Finally, after several losses in lower courts, Debbie succeeded in getting the Law Lords to order England’s top Director of Public Prosecutions, Keir Starmer, to clarify when his office will and when it will not enforce the Suicide Act.  In response, Starmer released a statement listing those things that are taken into consideration when determining whether to prosecute a case, such as whether the deceased was terminally ill and had clearly expressed a wish to die, and whether the person assisting was acting out of compassion.

The release of these criteria by Starmer was largely publicized as a relaxation of the law; what is interesting, however, is that the law itself hasn’t changed.  In fact, numerous attempts to change the law by members of parliament have failed, and Prime Minister Gordon Brown has promised to block any future attempts to amend the law.  All that has happened is that the office charged with enforcing the law has essentially refused to do so in cases where people are acting out of compassion.

This situation is, in some respects, symptomatic of the tension between the right to die movement and societies that are not prepared to discard their inherited moral disapprobation of the very idea of suicide – a moral qualm that isn’t quite as universal and immemorial as many might assume.

The very word “suicide” tends to evoke strong emotional reactions- and for good reason: Too often suicide is sought as an answer to the kind of despair that could equally well be solved with the passage of time coupled with the love and support of family, friends, and, perhaps, mental health professionals.  (more…)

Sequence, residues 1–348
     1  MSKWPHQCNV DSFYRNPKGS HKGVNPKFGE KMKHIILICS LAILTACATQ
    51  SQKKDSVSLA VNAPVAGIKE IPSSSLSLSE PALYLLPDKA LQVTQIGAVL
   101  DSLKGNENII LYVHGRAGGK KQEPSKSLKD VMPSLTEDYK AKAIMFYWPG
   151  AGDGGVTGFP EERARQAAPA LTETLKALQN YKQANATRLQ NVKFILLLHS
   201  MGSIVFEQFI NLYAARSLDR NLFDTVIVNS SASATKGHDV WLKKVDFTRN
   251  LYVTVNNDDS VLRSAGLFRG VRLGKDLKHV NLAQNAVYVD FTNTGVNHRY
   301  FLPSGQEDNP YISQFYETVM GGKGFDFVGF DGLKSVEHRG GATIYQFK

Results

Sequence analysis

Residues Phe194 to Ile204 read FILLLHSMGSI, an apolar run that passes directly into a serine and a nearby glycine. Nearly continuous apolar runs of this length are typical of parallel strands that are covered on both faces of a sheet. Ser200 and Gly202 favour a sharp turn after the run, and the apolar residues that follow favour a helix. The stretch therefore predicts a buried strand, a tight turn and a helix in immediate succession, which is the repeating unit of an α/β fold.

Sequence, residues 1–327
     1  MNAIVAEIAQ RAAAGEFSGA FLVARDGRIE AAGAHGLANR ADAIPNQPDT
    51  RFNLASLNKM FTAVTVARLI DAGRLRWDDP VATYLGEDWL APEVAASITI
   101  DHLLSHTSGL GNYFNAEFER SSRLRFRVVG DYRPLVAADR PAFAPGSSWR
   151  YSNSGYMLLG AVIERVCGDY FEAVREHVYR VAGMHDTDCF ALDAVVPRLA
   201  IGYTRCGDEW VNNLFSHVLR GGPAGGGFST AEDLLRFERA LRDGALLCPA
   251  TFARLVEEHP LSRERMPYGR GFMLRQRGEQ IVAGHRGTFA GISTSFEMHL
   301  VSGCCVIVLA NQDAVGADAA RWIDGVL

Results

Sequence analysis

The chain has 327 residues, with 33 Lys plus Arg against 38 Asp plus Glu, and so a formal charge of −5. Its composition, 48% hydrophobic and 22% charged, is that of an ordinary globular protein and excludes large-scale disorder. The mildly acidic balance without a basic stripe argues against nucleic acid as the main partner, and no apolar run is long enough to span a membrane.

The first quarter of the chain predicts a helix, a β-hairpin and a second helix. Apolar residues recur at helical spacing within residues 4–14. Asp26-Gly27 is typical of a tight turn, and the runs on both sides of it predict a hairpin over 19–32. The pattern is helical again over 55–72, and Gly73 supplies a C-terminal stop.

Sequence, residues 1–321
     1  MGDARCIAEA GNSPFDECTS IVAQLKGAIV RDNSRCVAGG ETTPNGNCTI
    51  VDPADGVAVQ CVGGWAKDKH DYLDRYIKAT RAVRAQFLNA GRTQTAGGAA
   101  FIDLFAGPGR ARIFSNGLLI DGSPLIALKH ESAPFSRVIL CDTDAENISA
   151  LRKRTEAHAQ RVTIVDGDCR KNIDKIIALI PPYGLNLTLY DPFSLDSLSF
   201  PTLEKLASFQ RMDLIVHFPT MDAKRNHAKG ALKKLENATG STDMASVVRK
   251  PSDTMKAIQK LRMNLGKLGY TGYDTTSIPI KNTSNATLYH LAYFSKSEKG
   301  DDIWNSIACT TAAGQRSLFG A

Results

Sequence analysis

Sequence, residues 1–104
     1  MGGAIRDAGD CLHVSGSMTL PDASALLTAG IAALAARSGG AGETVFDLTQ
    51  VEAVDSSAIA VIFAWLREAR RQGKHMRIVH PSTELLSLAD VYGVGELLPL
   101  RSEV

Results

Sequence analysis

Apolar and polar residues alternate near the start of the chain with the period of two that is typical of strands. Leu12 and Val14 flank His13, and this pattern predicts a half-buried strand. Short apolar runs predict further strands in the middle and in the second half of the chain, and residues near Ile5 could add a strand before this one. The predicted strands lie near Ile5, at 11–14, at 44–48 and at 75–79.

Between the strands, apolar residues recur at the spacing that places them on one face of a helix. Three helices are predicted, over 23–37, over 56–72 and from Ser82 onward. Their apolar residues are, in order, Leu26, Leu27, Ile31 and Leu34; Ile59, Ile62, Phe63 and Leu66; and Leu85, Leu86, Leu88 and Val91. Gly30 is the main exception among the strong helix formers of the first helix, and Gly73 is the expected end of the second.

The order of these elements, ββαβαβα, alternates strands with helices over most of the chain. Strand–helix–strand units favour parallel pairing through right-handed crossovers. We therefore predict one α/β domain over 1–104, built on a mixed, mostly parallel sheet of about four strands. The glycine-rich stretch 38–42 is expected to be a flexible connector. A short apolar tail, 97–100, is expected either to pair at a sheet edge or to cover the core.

Published in: on October 16, 2009 at 5:30 pm Comments Off on “Kill Me, or Else You are a Murderer.” – Kafka’s Last Words

Gym Membership: Good for You, Bad for the Environment?

While many Americans’ resolutions have come and gone, there will always be some who stick with the resolution to be healthier. With healthcare costs and unemployment up, many citizens are taking their health into their own hands, looking to benefit their wallets and their waists. While most are well intentioned, what some exercisers don’t realize is that by going to the gym and jumping on a piece of exercise equipment they may be helping their bodies but harming the environment.

Many exercisers find that running on a treadmill is easier, and therefore more preferable, than running outdoors. With predictable indoor weather, no wind resistance or the need for SPF, treadmills can be an easy first step for those who are just beginning their quest for health and aren’t looking for too much planning. Those who face seasonal allergies or live in cold temperatures seem to have no option but to remain indoors for their workouts. There is also a sense of encouragement from joining a gym. By getting on the treadmill at their local club, they are now a part of a group who strive to be healthy. While the treadmills these gym-goers choose appear to be rather simple machines that wouldn’t require high amounts of power, one treadmill can burn the equivalent of fifteen 75-Watt light bulbs while in use. Most people would never want to have five lights on in their house, let alone fifteen, yet most people have no problem using a treadmill.